Pubdate: Sun, 29 Mar 2009
Source: Jamaica Observer (Jamaica)
Copyright: 2009 The Jamaica Observer Ltd,
Author: Petre Williams


The current harsh economic climate could drive more people to drink,
smoke or do hard drugs, with dire consequences.

In sounding this recent warning, the National Council on Drug Abuse
(NCDA) urged both public and private sector interests to partner with
it to help stymie any increase in drug use - legal or illegal.

"In an environment where there is a lot of uncertainty (and) a lot of
stress, where there is the threat of job loss and economic hardship
and problems making ends meet, some people will choose to turn to
legal and illegal drugs to escape from the reality of the harsh
climate that they face," Michael Tucker, executive director of the
NCDA, told the Sunday Observer.

"People use drugs to cope with challenges that face them in life where
they don't really have coping skills or family support to help them
through difficulties. When people face economic challenges, they may
often use alcohol. Some of them may get into gambling with the hope of
hitting the jackpot. Another thing that people use to deal with stress
is smoking tobacco."

It is against this background that he has urged the involvement of the
various sectors of society to support the work of the NCDA.

"The challenge we have now is the challenge with resources - human and
financial. We need significant assistance where our public education
and resources for public education are concerned," he said. "Also, our
ability to put PSAs (public service announcements) out there to inform
the public about the reality of drug abuse and all the negative
consequences (is limited)."

Among those consequences, he said, are:

. child and spousal abuse;

. irresponsible sexual behaviour leading to people getting HIV/AIDS
and other STIs; and

. crime and violence.

"The messages are there and the material is there, but the cost of
doing it is exorbitant and the resources aren't there," Tucker continued.

"There has to be a partnership between an agency like ours and key
public sector agencies that look (for example) on laws surrounding the
sale of alcohol and tobacco to minors, testing people for driving
under the influence of drugs, and through the health system trying to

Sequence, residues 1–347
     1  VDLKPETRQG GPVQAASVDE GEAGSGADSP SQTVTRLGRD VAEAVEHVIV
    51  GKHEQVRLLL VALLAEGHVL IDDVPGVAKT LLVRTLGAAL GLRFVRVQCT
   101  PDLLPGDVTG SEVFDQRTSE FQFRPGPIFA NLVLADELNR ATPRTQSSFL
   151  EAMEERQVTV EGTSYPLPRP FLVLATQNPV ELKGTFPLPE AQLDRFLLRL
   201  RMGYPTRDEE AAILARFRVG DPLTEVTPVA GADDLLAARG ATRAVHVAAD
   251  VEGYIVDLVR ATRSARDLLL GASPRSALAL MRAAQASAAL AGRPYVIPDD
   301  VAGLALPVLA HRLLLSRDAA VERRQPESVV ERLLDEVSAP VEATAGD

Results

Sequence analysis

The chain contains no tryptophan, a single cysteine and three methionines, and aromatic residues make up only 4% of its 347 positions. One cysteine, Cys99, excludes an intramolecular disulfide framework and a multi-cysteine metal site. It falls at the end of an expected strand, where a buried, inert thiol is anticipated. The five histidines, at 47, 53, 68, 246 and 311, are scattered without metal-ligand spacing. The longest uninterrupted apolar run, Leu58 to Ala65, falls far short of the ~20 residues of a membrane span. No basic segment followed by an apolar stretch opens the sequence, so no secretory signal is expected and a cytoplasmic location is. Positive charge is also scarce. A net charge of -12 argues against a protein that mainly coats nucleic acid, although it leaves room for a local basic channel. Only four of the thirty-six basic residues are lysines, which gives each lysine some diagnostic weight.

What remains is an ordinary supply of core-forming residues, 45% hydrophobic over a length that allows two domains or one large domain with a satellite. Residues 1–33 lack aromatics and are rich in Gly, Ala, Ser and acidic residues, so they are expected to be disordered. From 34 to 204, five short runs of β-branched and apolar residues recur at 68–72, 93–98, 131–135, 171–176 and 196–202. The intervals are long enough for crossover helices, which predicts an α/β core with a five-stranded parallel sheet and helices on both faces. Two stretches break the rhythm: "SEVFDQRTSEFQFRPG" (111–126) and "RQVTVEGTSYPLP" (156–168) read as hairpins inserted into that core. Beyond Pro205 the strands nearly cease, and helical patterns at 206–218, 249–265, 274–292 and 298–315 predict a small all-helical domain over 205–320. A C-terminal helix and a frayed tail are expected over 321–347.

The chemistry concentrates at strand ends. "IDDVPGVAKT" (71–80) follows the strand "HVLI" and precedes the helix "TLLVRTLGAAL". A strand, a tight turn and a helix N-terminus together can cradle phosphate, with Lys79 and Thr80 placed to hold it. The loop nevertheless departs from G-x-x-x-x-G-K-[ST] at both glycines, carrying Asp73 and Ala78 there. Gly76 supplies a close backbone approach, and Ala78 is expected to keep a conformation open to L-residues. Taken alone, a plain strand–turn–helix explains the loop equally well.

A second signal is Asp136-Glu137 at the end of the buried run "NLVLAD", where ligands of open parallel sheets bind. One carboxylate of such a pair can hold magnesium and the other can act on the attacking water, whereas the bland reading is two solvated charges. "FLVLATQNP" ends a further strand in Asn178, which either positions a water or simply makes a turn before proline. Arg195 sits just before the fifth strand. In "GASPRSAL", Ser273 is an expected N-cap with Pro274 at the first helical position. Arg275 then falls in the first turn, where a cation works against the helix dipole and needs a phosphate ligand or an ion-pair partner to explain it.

identify people using drugs and therefore asking the right questions
when people go to have a regular check-up."

Psychiatrist Dr Wendel Abel, noting, too, the possibility of an
increase in substance abuse, said partnerships among agencies and the
various stakeholders were especially important at this time.

"I think it is important, especially with ganja. We are particularly
concerned about the use of cannabis in schools. It has created a lot
of dysfunctional behaviour and it is something we need to address as a
society," he said.

Like Tucker, Abel noted that public education about substance abuse
and the implications was also critical, as people come under
increasing stress.

"People are losing their jobs, losing homes. Prices are going up and
making it more difficult to survive. People who are more affected are
going to become depressed and. we do know that a lot of people deal
with anxiety and depression through substance use," the psychiatrist

"One strategy (to mitigate that) is to not generate too much fear and
panic and, two, let's talk about the issues and look at our potential
responses. I encourage people to begin to sit and talk about the
opportunities that may exist. Hard times don't last forever; let us
use our energies to refocus and look at the opportunities."

Tucker and Abel's sentiments come at a time when Jamaica is grappling
with substance abuse, particularly among the young. The 2006 National
School Survey, conducted in 70 schools across the island with a sample
of 4,536 students, attested to this.

Tucker said the data revealed that 70.4 per cent of youngsters aged 11
to 19 years old experimented with alcohol; 28.2 per cent with solvents
and inhalants; and 27.4 per cent with tobacco. It revealed further
that 24.1 per cent of youths in the same age group experimented with
ganja, while 14 per cent had at least tried beady (a tobacco
derivative imported from China and India).

Tucker noted, meanwhile, that there was a growing number of females
experimenting with drugs.

"The information showed us that the gender gap between male and female
use in school is narrowing. Historically, you would have, say, two to
three times as many males as females experimenting with things like
alcohol, ganja and cigarettes; that gap is narrowing," he said, citing
the 2006 study. "Certainly the ratio is less than two to one. In some
instances, if you look at a breakdown in the male population, say 70
per cent of males using, you would have between 50 and 55 per cent of

He has, in the interim, noted the NCDA's support for the Caricom
Secretariat's efforts to adopt regional quality and safety standards
for the treatment and care of substance abusers, at a time when the
region is expecting an increase in the number of people abusing substances.

"It (regional standards for treatment and care) should be the norm
rather than the exception. We have to ensure there are qualified
people treating addicts; that the programme has some kind of structure
and scientific or theoretical basis to ensure that it works; and that
the structure itself is such that the person is cared for and well in
that environment," he told the Sunday Observer.
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MAP posted-by: Larry Seguin